Prof Rachel Gibson

Professor of Political Science

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My research focuses on the impact of new information and communication technologies on political parties, particularly with regard to their activities in the elections and campaigning sphere. While early accounts of the effects of the internet pointed to positive outcomes such as increased party competition, grassroots activism and more meaningful interactions with voters, twenty years on those expectations look increasingly naïve. The rise of cyber-hacking, automated attempts by foreign and domestic actors to spread misinformation on social media platforms and the mis-use of personal data by campaigns all appear to be increasingly regular features of contemporary elections. Although there are also clearly still democratising effects of the new media, whether these outweigh what appear to be its increasingly harmful and negative consequences is now a core question for researchers to address. To do so requires theoretical and methodological innovation and inter-disciplinary collaboration between social, data and computer scientists. My work is based on a recognition of the importance of this intersection and the new research agenda that it can foster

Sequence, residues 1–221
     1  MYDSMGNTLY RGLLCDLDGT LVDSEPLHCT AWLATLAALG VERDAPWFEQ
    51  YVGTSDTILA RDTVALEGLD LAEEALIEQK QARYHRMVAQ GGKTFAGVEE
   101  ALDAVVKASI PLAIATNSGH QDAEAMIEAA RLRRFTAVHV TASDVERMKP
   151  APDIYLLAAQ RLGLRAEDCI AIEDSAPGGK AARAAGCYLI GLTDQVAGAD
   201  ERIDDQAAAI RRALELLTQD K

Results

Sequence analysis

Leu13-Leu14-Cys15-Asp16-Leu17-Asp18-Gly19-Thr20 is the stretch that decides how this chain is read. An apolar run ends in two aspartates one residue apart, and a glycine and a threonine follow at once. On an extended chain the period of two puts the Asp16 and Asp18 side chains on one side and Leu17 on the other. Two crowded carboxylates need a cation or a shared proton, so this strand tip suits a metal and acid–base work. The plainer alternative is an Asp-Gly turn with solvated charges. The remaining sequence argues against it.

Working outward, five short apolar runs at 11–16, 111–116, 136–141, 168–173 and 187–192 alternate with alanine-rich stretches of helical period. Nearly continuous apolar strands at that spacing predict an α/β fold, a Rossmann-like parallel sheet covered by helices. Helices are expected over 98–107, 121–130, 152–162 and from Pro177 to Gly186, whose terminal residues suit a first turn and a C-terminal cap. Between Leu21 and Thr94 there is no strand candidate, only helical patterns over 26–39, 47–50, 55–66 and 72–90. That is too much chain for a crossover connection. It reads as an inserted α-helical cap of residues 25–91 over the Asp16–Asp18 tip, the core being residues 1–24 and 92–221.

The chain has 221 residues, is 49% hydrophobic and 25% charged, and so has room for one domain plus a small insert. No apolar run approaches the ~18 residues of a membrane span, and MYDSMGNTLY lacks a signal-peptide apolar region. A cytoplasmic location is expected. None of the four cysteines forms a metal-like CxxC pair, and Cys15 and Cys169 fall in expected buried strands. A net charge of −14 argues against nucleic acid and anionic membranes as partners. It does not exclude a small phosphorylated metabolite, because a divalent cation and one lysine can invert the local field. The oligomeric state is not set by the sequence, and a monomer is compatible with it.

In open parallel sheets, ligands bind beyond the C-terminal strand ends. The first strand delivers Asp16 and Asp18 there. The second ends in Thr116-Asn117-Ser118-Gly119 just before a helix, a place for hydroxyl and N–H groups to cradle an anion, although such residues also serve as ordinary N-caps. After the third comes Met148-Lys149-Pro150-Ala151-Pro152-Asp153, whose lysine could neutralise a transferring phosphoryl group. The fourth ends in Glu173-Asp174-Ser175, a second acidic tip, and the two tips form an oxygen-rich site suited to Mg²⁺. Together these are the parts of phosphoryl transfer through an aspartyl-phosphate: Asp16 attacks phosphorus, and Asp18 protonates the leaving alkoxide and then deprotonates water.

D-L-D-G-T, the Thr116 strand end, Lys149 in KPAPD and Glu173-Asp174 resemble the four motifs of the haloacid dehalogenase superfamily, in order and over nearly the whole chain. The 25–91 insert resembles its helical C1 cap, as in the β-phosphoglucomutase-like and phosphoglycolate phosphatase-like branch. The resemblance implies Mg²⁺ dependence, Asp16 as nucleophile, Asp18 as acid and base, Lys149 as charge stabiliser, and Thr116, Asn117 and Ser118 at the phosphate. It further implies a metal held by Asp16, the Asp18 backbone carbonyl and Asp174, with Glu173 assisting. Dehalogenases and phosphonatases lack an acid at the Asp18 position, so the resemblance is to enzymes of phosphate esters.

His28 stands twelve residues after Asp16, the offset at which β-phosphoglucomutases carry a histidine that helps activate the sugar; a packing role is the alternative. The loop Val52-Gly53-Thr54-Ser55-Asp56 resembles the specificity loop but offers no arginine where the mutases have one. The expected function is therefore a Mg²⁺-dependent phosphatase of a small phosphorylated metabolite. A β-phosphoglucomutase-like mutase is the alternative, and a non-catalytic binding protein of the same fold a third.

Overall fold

Rachel Gibson joined the University of Manchester as Professor of Politics in the Institute for Social Change December 2007. In 2016 she was appointed as Director of the Cathie Marsh Institute for Social Research. She had previously served as Professor of New Media Studies at the University of Leicester and a lecturer in politics at the University of Salford. She completed her PhD thesis on the rise of anti-immigrant parties in Western Europe in the late 20th century at Texas A&M University in the US. She has held visiting fellowships at the Mannheim Centre for European Social Research (MZES), the Australian National University (ANU), and the Autonomous University in Barcelona (AUB). Rachel has led several projects examining the impact of the Internet on political parties, campaigns and voters funded by the Economic and Social Research Council (ESRC) and the Australian Research Council (ARC). She has been a PI/Co-I on the Australian Election Study since 2001 and the Australian Candidate Study. She developed and managed the internet component of the 2015 British Election Study (iBES) which merged survey responses with social media tracking data. She was co-editor of the Journal of Elections, Public Opinion and Parties (2011-16) and is a member of editorial boards of Political Studies, the Journal of Information Technology and Politics, Information Polity and the Australian Journal of Political Science. She is a member of the Peer Review College of the ESRC and regularly reviews for the leading journals in the field and major national and international funding bodies. 

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